Common applications include nail polish removers and paint thinners. Additionally, acetone serves as a platform chemical for other cleaning ingredients such as isopropyl alcohol (IPA) and various ketones (MIBK, MIAK, MAK).

Speight’s ideal approach is for Green Biologics to partner with companies with other biobased materials to produce 100% biobased products. He points to the potential to react the n-butanol with biobased succinic acid to give a range of 100% renewable monoesters for surfactant and diesters, such as dibutyl succinate, for solvent use. These have the added benefit of being VOC exempt, he adds.

Speight also looks to the potential availability of biobased ethylene oxide and the use of glucaric acid to make even more commercially useful derivatives for use in the HI&I market. Biobased lactic acid is another useful reactant, he adds.

“We do not intend to make the derivatives ourselves,” says Speight. “The key is to get our molecules into third-party hands and the hands of the formulators. We aim to work closely with producers of specialty chemicals to introduce 100% biobased high performance ingredients with competitive formulation in-use costs.”

So, while the Little Falls plant is re-engineered to make n-butanol and acetone instead of ethanol, Green Biologics is pressing ahead with its product development programme, talking to consumer brands and associations as then going to formulators with samples of derivatives for trials and testing.

Speight believes the consumer is looking primarily for safety in the ingredients and products used, as well as their green credentials. “People look at safety and cost and we believe we have a better product in this respect.” But, he says that schemes such as the US Department of Agriculture’s Bio Preferred Programme and the Environmental Protection Agency’s Designed for the Environment scheme are also driving awareness and demand for biobased products.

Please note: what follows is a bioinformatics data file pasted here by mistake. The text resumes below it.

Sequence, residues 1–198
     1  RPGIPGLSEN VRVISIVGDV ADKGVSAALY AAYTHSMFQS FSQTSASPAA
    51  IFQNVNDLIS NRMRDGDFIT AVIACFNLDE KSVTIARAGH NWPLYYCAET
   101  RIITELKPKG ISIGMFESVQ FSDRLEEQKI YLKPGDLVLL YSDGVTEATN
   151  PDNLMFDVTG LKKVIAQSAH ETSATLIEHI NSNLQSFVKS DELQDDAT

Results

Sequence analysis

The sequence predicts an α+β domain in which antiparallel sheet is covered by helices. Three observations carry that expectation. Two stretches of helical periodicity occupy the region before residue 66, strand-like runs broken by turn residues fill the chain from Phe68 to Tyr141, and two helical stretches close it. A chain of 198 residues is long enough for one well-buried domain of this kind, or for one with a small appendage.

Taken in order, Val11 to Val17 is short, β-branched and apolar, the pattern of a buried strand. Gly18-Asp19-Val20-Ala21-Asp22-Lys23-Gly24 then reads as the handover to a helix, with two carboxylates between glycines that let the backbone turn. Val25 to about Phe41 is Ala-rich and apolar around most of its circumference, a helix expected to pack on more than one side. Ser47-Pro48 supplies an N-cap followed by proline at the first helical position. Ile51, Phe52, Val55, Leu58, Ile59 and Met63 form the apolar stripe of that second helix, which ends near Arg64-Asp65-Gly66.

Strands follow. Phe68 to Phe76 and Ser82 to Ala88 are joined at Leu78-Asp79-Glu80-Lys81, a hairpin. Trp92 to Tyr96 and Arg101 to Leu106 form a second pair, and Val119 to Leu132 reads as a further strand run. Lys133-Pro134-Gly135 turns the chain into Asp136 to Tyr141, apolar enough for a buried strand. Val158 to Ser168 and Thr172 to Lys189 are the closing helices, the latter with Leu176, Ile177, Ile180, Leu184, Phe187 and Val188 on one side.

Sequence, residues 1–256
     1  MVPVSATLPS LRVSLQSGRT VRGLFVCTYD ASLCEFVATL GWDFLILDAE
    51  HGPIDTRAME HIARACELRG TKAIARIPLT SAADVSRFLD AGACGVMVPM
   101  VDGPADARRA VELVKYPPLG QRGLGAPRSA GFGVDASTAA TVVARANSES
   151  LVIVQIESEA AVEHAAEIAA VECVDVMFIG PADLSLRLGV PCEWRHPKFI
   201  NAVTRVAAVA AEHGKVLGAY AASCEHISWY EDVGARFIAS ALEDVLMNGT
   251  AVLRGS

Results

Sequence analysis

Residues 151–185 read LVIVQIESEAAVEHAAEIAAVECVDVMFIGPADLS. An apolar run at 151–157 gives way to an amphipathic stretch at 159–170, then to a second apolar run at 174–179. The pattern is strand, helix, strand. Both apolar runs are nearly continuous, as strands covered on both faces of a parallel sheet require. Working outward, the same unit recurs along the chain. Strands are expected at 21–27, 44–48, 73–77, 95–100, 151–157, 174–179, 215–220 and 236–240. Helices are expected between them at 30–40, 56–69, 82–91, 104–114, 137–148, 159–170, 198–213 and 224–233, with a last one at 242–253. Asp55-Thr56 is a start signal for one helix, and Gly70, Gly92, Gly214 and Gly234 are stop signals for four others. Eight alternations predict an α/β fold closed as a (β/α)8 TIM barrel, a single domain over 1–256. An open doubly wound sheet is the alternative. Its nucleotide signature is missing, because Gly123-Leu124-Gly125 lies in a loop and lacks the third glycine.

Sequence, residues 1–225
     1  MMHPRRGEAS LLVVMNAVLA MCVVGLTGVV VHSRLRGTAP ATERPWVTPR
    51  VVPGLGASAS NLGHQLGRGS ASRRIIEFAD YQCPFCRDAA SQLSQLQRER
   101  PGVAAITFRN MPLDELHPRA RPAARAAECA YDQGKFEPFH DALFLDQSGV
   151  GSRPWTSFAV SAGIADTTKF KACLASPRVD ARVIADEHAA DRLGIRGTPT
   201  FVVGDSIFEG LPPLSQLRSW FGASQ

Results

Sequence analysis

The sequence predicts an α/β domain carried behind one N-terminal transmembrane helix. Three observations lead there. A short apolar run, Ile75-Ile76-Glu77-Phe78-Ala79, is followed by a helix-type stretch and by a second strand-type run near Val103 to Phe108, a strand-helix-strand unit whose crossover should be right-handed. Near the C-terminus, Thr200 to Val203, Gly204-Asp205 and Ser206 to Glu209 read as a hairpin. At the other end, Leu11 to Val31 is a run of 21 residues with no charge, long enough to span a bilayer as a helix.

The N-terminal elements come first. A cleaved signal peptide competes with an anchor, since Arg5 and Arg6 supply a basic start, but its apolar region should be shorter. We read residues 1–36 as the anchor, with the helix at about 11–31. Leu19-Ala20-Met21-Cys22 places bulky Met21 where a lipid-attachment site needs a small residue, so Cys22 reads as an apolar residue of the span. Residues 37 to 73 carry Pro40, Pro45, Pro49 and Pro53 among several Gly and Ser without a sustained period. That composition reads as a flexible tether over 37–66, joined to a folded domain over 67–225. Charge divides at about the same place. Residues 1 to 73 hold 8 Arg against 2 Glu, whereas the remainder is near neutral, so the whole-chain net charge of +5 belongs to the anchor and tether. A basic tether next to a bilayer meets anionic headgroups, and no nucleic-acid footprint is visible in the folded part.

Without wanting to add to the certification explosion, Green Biologics is offering its products with the tag “GreenInside”, to alert purchasers of the product’s benefits in terms of reduced waste, energy and use of renewable ingredients.


GFBiochemicals levulinic acid plant in Caserta, Italy, is scheduled to come onstream this month with a capacity of 2,000 tonnes/year. As a platform chemical, levulinic acid is an option for formulating biobased detergents, says Marcel van Berkel, chief commercial officer at GFBiochemicals. “Levulinic acid-based ketals are used today in laundry and personal care detergents by leading natural detergent brands”, he adds.

GFBiochemicals has developed a cost-effective thermochemical conversion process that takes biomass and converts it into levulinic acid. The new facility makes the company the first commercial-scale producer of levulinic acid directly from biomass, without intermediate process steps.

A range of biomass can be used, including cellulosic waste. Formic acid, acetic acid and furfural are all value-added secondary chemicals. Char is also produced and can be used as an energy source for the process. The plant will ramp up to 10,000 tonnes/year by 2017.

Levulinic acid is claimed to have intrinsically superior properties owing to a combination of biomass utilisation rates, feedstock flexibility and CAPEX requirements when compared to other platform chemicals like bioethanol, isobutanol and succinic acid.

GFBiochemicals estimates the opportunity for levulinic acid in chemicals at over 2m tonnes/year, with a market value of more than $4bn/year.